Full study below, also points out things affecting weight like sleeping too much or too little, exercise, watching TV, drinking, etc.
    MMS: Error

    Well, it's understandable because starch is condensed energy. But losing and gaining weight is based on energy balance, so not necessarily what you consume but rather how much. It is probably much more difficult to base a diet on starchy foods and maintain a negative energy balance, than other grains rich in fiber. It could be viable but not by consuming processed foods. Potato chips and french fries for example are full of fat, so I don't think them being starchy is the leading factor for their high score in the research (didn't read it whole though).
    All green plants and grains are a source of starch anyway, so we kinda do base our diet on starch. The Chinese and Japanese don't have much weight problems even if their base of diet is rice. It's all about how much you eat really, when it comes to weight.

  10. #10

    Quote Originally Posted by bluekitdon View Post
    I don't think research on actual consumption and weight gain or loss corresponds to starch being a good thing. This study from over 120,000 people over about 20 years is the most comprehensive one I've found, see below for how they show foods affecting weight gain or loss on average each year. Starchy foods like potatoes are at the top of the list for weight gain each year.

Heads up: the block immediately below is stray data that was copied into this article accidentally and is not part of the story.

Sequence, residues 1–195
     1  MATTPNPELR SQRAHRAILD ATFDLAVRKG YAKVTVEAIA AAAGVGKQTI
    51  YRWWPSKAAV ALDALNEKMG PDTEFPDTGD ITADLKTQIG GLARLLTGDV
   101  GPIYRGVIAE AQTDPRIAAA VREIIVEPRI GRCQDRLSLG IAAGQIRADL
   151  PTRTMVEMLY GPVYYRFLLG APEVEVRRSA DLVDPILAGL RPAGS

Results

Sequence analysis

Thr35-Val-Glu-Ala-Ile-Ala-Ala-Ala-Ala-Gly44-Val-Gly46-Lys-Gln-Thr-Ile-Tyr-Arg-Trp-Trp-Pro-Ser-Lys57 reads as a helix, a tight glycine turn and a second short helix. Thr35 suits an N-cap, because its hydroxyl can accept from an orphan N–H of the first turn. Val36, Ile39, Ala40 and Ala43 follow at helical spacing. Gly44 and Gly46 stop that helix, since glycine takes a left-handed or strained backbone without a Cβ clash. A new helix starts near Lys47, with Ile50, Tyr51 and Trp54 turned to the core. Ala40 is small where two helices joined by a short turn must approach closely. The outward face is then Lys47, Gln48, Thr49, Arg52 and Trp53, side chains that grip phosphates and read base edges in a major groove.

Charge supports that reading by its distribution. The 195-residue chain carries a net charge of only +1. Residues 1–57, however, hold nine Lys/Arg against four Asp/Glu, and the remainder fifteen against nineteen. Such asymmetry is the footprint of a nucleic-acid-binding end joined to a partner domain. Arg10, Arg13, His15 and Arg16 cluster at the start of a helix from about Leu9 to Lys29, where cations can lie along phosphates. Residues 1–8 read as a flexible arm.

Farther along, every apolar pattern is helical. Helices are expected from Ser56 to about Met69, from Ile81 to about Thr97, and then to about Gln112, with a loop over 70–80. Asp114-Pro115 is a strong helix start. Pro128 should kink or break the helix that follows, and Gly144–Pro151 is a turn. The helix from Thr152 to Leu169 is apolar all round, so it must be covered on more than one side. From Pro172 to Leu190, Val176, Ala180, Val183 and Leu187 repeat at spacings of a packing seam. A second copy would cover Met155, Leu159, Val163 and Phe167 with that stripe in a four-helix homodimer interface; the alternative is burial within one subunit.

Full study below, also points out things affecting weight like sleeping too much or too little, exercise, watching TV, drinking, etc.
    MMS: Error

    The dietary factors with the largest positive associations with weight changes, per serving per day, were increases in the consumption of potato chips (1.69 lb), potatoes (1.28 lb), sugar-sweetened beverages (1.00 lb), unprocessed red meats (0.95 lb), and processed meats (0.93 lb). A secondary analysis of potato subtypes showed that weight changes were positively associated with increases in the consumption of french fries (3.35 lb) and of boiled, baked, or mashed potatoes (0.57 lb). Weight gain associated with increased consumption of refined grains (0.39 lb per serving per day) was similar to that for sweets and desserts (0.41 lb per serving per day). Inverse associations with weight gain, per serving per day, were seen for increased consumption of vegetables (−0.22 lb), whole grains (−0.37 lb), fruits (−0.49 lb), nuts (−0.57 lb), and yogurt (−0.82 lb).
    What the man in the video is talking about when he says a "starch based diet" is essentially a vegan diet. This consists of plant based WHOLE foods - foods eaten to as close as their natural state possible. No processed foods, no added oils or butters. No refined grains. No meat or dairy.

    The bolded part above has nothing to do with what he is suggesting be eaten. Potato chiips are fried in oil. So are french fries. Baked and mashed potatoes typically have butter or other dairy products added to them. Refined grains are not the whole grain starches he is talking about.

    The part in red with the inclusion of beans and legumes is what he means by "starch based with the inclusion of fruits and vegetables". As evidenced in the study you cited, people who ate this way actually LOST weight.
    fourtines and Red Panda thanked this post.